December was a mad rush to finish up books for my reading challenges. I ran out of time and nearly burned out on reading by cramming the massive Mordecai into the last few days of the month.
THIMBLE SUMMER by Elizabeth Enright
Winner of the 1939 Newbery Medal for Children’s Literature, this is a delightful & heart-warming story of nine-year-old Garnet Linden and one perfect summer on her family’s Wisconsin farm. It’s set in what was in some ways a much simpler time, in a self-sufficient rural environment (her father fired his own lime to make his own blocks for the foundation of his new barn).
In one of many adventures that summer, Garnet makes a trip on the bus by herself to the next town (imagine that happening today!)
I found the comparisons between town & farm life amusing because they remain similar to such observations today.
Elizabeth Enright is also the author of my childhood favourites – the Melendy Family quartet, which begins with The Saturdays.
Every child should be able to enjoy a Thimble Summer. Sadly, few ever do – or even did – and so this story provides a wonderful escape.
Read this if: you love tales of the unspoiled rural America of 80 years ago; or you believe in happy childhood summers. 5 stars
BUSH STUDIES by Barbara Baynton
First published in 1902, Bush Studies is a collection of short stories set in the Australian outback of her day. While the stories certainly convey the harsh conditions, I felt that Baynton made scathing commentary on the harsh, crude and vulgar behaviour particularly of the men, and particularly toward women.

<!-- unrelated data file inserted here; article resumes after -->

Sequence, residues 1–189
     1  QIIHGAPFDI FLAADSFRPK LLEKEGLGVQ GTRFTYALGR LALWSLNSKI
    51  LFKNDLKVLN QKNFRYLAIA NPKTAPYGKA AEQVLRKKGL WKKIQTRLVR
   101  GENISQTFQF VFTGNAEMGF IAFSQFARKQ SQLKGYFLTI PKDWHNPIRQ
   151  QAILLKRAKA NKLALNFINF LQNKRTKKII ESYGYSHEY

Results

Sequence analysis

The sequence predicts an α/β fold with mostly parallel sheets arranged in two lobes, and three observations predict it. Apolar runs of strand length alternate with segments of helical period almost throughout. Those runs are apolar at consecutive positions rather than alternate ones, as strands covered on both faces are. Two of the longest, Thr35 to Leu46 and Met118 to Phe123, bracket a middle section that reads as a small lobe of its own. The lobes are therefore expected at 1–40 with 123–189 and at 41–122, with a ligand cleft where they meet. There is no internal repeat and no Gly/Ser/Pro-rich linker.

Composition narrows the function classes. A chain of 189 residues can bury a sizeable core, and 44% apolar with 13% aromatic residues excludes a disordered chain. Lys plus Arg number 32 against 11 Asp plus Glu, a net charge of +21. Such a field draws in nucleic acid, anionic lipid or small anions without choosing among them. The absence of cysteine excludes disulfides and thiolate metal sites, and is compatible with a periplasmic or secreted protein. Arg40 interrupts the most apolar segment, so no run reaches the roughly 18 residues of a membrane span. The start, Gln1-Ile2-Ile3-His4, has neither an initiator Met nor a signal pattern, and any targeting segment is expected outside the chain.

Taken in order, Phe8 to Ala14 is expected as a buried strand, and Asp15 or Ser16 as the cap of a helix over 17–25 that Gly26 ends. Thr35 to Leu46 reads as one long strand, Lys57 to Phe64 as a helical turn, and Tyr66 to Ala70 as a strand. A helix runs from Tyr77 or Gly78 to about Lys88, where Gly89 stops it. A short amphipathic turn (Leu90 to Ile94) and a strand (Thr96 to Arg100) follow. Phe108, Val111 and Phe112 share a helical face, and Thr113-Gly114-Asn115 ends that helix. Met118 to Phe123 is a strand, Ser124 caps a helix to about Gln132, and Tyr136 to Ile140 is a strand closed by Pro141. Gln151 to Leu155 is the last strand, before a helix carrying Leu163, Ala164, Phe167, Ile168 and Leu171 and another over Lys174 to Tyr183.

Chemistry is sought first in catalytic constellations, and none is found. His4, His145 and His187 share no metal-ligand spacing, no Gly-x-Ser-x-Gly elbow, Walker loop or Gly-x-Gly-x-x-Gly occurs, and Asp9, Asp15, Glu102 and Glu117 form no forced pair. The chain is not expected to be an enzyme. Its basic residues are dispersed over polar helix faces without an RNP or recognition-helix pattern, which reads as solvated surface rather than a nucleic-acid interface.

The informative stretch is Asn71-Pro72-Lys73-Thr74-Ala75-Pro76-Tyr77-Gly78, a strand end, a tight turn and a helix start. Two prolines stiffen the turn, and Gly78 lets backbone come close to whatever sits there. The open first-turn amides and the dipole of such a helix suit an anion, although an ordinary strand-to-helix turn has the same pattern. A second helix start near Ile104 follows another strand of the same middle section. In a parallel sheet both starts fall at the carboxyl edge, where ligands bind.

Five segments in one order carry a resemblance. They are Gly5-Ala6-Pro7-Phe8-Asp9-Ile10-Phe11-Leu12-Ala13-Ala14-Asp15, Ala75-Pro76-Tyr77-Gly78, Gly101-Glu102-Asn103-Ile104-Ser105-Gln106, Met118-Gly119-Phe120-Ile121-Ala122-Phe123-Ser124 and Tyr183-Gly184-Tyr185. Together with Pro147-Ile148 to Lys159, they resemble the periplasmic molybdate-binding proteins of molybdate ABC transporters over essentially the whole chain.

I found Scrammy ‘And and The Chosen Vessel to be especially compelling, and if I taught high-school literature would want to include them in my curriculum, regardless of where I was teaching.
Having met only the “jolly swagman’ of Waltzing Matilda, I had my eyes opened wide.
Read this if: (obviously) you want to find out about life in the outback at the end of the 19th century; or you are interested in the history of women’s role in Australian or global society. 4½ stars
THE UNDERPAINTER by Jane Urquhart
This 1997 winner of Canada’s Governor General’s Literary Award is the third novel I’ve read by this talented writer.
It’s told from the point of view of painter Austin Fraser, living in his old age in his childhood hometown of Rochester NY. The setting moves from upstate New York to the northern shores of Lake Ontario and Lake Superior – both Canadian locations. It’s told in flashbacks from Austin’s present (1970s) to 1914 and the ensuing years. I was struck by the different affects that the declaration of war in 1914 had on Canada, and on the United States.
The title refers to the method which Austin now uses for all his paintings: blank white over an “underpainting”. Why he paints like this is revealed as the story is.
Urquhart weaves her story skillfully, building to a heart-rending climax.
Read this if: you appreciate beautiful prose and understated stories; or you’re interested in the contrast between the effects of WWI on Canada and its closest neighbour the United States.
MORDECAI: The Life & Times by Charles Foran
If you’re Canadian—and perhaps if you’re not—you no doubt recognize that this is a biography (“unauthorized, of course”) of one of Canada’s foremost ‘men of letters’, Mordecai Richler. It’s a rich, multi-layered story of a man whose life was the same – and who lived it large and controversially.
The knowledge I gained will add immensely to my reading of his novels since, essentially, he wrote his life. It also makes me want to reread the two of his works that I’ve already covered.
My only complaint is that at 704 pages, it was a little overlong. What to cut? Perhaps the explanations of the plots of each of his books.
Mordecai won several awards including the Canadian Governor-General’s Award for Non-Fiction and the Charles Taylor Prize for Literary Non-Fiction.